Pakistan on Tuesday said it wants 'all bilateral issues,' including Kashmir, to be discussed at the foreign secretary-level talks on Thursday and feels much progress would not be made if India restricts the dialogue to a 'narrow agenda' of terrorism.
Pakistan Foreign Minister Shah Mehmood Qureshi, who is in Beijing on an official visit, hoped that the composite dialogue process between the two countries would be resumed in the near future.
"It (Indo-Pak foreign secretaries meeting) is going to be an exploratory meeting... Pakistan government is seriously working to improve relations with India. We seek peaceful settlement of all outstanding disputes, including the core issue of Jammu and Kashmir with India," Qureshi said.
He was speaking to the media after delivering a lecture on 'Pakistan's Challenges and our Response' at the China Institute of International Studies, a think-tank in Beijing.
"After 14 month they (India) have reengaged with us and invited us for a dialogue. We want a dialogue but we want a meaningful dialogue," he said.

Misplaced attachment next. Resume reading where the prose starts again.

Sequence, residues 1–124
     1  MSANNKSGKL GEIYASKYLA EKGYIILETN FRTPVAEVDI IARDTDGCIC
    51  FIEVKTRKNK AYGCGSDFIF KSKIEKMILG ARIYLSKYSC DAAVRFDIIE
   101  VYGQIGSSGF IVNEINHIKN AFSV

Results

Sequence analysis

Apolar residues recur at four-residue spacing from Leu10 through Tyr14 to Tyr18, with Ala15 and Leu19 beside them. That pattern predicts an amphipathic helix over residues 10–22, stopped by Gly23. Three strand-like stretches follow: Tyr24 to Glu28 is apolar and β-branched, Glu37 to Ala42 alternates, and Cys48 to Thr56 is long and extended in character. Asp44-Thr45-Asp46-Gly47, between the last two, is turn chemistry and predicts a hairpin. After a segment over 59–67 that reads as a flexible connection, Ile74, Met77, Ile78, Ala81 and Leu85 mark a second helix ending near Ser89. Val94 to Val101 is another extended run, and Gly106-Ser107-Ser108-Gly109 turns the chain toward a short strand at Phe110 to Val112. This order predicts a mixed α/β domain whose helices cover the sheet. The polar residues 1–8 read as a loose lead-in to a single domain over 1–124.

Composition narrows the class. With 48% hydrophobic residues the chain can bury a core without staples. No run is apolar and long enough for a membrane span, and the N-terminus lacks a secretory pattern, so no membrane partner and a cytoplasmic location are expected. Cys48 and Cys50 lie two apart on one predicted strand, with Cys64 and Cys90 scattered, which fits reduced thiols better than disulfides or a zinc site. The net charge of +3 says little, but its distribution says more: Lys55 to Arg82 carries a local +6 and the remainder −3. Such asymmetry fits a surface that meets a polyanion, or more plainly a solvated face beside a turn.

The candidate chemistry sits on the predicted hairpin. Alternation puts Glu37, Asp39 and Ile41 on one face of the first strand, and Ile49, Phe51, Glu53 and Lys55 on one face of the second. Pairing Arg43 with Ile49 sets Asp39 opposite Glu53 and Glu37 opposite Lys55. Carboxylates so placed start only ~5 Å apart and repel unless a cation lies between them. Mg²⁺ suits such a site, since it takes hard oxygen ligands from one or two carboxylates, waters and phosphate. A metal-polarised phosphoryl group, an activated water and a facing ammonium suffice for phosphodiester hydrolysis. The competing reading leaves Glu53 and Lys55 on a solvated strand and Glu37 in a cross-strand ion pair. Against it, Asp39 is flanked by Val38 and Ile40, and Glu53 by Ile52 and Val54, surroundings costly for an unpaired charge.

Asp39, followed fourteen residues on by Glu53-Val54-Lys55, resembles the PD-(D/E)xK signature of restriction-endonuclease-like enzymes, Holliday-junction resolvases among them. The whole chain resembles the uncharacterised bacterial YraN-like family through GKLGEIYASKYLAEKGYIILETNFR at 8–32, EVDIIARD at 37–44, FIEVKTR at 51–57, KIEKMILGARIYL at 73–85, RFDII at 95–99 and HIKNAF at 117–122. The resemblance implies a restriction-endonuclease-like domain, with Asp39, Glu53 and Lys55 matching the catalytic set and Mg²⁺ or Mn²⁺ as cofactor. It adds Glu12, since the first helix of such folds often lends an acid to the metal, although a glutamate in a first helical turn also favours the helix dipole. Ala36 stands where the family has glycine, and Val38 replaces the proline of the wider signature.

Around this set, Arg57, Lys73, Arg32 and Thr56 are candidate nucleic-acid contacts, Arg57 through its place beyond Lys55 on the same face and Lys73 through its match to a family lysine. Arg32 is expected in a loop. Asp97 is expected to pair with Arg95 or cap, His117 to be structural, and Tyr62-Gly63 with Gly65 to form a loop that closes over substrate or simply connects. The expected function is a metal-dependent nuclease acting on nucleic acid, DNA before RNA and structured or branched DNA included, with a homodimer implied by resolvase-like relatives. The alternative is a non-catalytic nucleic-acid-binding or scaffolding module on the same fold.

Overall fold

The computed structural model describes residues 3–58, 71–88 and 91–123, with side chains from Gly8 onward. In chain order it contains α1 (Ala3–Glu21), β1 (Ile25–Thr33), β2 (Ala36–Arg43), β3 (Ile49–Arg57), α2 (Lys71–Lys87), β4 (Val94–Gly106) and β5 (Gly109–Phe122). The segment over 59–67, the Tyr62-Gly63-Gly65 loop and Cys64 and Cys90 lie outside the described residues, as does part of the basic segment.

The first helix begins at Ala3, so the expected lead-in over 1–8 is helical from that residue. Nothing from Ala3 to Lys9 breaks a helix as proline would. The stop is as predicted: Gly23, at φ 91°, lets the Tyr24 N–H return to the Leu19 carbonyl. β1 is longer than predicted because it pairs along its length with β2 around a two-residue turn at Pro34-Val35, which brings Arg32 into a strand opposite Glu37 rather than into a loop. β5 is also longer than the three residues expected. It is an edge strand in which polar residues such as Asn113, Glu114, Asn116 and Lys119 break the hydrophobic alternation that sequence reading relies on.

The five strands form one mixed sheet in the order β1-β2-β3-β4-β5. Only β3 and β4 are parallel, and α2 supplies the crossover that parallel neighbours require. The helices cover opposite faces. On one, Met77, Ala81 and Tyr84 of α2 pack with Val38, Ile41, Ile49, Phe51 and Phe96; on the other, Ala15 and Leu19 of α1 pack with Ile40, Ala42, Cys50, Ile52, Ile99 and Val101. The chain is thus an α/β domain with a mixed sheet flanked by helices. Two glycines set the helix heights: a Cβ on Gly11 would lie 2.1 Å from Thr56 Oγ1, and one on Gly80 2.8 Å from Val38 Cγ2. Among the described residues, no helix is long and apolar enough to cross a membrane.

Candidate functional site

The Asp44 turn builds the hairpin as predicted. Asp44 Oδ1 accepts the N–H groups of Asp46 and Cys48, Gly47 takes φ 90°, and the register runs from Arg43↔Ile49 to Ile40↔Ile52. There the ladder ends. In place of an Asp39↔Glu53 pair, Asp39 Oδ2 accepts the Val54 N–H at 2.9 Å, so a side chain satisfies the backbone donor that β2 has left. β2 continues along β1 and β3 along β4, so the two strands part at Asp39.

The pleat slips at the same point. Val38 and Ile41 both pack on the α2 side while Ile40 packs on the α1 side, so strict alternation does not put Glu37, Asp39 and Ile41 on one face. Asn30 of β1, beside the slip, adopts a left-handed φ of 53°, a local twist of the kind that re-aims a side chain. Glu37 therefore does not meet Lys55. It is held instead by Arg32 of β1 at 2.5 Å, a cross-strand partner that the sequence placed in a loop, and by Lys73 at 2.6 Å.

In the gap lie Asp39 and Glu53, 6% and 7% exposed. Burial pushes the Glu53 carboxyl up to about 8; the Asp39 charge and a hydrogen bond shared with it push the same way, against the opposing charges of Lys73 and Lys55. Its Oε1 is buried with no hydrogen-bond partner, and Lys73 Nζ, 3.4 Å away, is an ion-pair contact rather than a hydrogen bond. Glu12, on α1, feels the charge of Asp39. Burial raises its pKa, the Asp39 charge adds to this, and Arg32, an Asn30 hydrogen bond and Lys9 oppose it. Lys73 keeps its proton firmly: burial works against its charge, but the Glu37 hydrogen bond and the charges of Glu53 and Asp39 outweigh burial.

"We want all issues that are of concern of both sides brought on to the table to that dialogue is serious meaningful and result oriented. We have to see what comes out of the 25th meeting," he said.
"If India restricts the agenda or tries to narrow it down to its own immediate needs then much progress will not be reached," he said, apparently referring to comments by some Indian officials that terrorism would dominate the talks.
Foreign secretaries of India and Pakistan will meet in New Delhi on February 25.
Qureshi said India had agreed through a joint communique that acts of terrorism would not impede the process of dialogue before suspending the talks after the 'unfortunate incidents' of terror attacks in Mumbai.
"We hope that the composite dialogue process would be resumed in the near future. Pakistan has recognised the significance and the progress made through the four rounds of composite dialogue."
When an Indian journalist pointed out that Pakistan has not done much to contain India specific terror groups, Qureshi said Islamabad has taken prominent steps in that direction.
"For the sake of discussion let us agree that we have not done enough. Does that qualify for suspending dialogue and does that invite greater understanding and cooperation?" Qureshi asked.
"Should we shut our minds and look other directions realising that there is common challenge we are facing?" he asked.
The two countries should display more cooperation by holding talks to understand each other's concerns 'instead of a policy followed by India in suspending talks,' he said.
"I think that there was a realisation in India that (suspension of talks) was a negative and kneejerk reaction and I am glad you are rethinking on that. So as far being effected by terrorism is concerned, does India realise the challenge Pakistan is facing?" Qureshi added.